Bamboo towels have joined the ranks of the green revolution. Now, what exactly is the "green revolution" you ask?
It is the ever-growing number of environmentally-friendly products entering the consumer market. More specifically, people are demanding the goods they purchase be sustainable, recyclable, and have a light "carbon footprint."
Bamboo towels meet these three major green product criteria with flying colors.
Bamboo towels are sustainable because bamboo is the fastest growing terrestrial plant on Earth. It can grow up to a few feet in a single day during its growing season. The key to sustainability is replaceability. As a result of bamboos rapid maturation, it is easy to replenish. This makes products made of bamboo certifiably sustainable.
In comparison, products made of hardwood like furniture or flooring come from trees which take about 30 years to grow back to where they were before commercial harvesting. On the other hand, bamboo takes only a few years to return to its original height and size. This is why bamboo products are generally considered sustainable and thus green, and why hardwood goods simply are not.
The next major criterion for a product to be considered green or eco-friendly is recyclability. This is the measurement of how many parts of a good come from recycled materials as well as how many parts can be usefully recycled once that good has exceeded its lifespan.
For example, styrofoam does not possess notable recyclability because it comes from synthetic materials which all must be manufactured. This means no recycled materials go into the production of styrofoam. On the other end of the cycle, styrofoam cannot be recycled once it has been used. In consequence, every product made of styrofoam wastes energy in its production and then burdens landfills with its extraordinarily slow and toxic decomposition.
In contrast, bamboo towels and products can be made with recycled bamboo. This means considerably less valuable energy is wasted in the creation of bamboo goods. It also means resources are retooled for future use rather than becoming yet more trash in more dumps. Furthermore, when one has gotten full usage out of their bamboo towels, some parts of them can be reused to make other products. Therefore, both the energy in and waste out impacts on the environment are lessened by bamboo product’s recyclable qualities.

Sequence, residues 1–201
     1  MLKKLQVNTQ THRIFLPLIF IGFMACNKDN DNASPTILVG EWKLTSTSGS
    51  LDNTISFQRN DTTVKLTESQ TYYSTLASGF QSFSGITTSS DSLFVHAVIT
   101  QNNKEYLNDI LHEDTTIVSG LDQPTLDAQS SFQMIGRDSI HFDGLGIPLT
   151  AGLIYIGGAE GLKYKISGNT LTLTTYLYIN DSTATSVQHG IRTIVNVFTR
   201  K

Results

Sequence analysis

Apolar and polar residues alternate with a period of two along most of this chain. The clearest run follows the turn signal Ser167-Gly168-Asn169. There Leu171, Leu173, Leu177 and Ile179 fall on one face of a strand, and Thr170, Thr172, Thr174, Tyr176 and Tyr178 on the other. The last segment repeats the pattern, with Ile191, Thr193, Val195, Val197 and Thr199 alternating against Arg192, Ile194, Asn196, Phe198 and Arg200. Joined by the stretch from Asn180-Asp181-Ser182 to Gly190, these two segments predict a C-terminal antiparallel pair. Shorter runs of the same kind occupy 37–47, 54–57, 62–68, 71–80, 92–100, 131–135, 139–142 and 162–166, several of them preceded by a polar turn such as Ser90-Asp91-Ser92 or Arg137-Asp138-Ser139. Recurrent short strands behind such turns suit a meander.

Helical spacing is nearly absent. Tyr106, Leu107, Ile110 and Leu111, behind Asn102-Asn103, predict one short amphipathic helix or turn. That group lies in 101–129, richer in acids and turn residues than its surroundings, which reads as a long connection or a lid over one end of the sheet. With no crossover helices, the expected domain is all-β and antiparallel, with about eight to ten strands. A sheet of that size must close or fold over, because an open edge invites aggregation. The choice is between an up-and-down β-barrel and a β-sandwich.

The last overarching characteristic of green goods is what is called the "carbon footprint." The idea behind this is to measure the full life-cycle of any particular good so to gage the amount of CO2 (the main catalyst for human-imposed climate change) which it produces in totality.
For instance, if one were to measure the carbon foot print of Australian beef consumed in the US, one would have to take into account the following factors: the CO2 released by grass fertilizers, cow feces, the running of a cow farm (i.e., lights, heaters, water pumps, the storing of slaughtered meat etc.), the trucks to get the meat to a ship or plane, the ship or plane to get it to a port in the US, the trucks to get it to distribution centers, the trucks to get it to the grocery stores and restaurants, and the vehicles getting it to its final destination such as homes or businesses – as well as the amount of CO2 not otherwise converted by vast forests razed for cow pastures.
Indeed the carbon footprint for Australian beef consumed in the US is likely one of the highest of any product in the country.
In evaluating bamboo towels with the same standards, the results are markedly different.
Forests are typically not cleared to grow bamboo. Fertilizers are generally not needed either, because commercial bamboo comes from Asian nations where it grows naturally. Moreover, because the efficiency at which a plant converts CO2 into O2 is in direct correlation with its rate of maturation, bamboo is one of the most effectual carbon reducers on the planet. This means even though bamboo farms are popping up all around Asia for commercial use, in the five years this extra bamboo is living it is helping reduce carbon emissions.
These benefits when weighed with the carbon costs of shipping the bamboo from Asia present products with a relatively light carbon footprint, such as bamboo towels.
Naturally, there are other environmental considerations, such as whether a product is organic (comprised of mostly nature-made materials) or synthetic (comprised of mostly man-made materials). However, these types of ecological concerns primarily fall within the scope of the abovementioned categories of analysis. For, organic products tend to be more sustainable and recyclable than are synthetic goods.
For more information on what makes a product "green," why bamboo towels have met these criteria, and where you can get your own, simply fill out our contact form!
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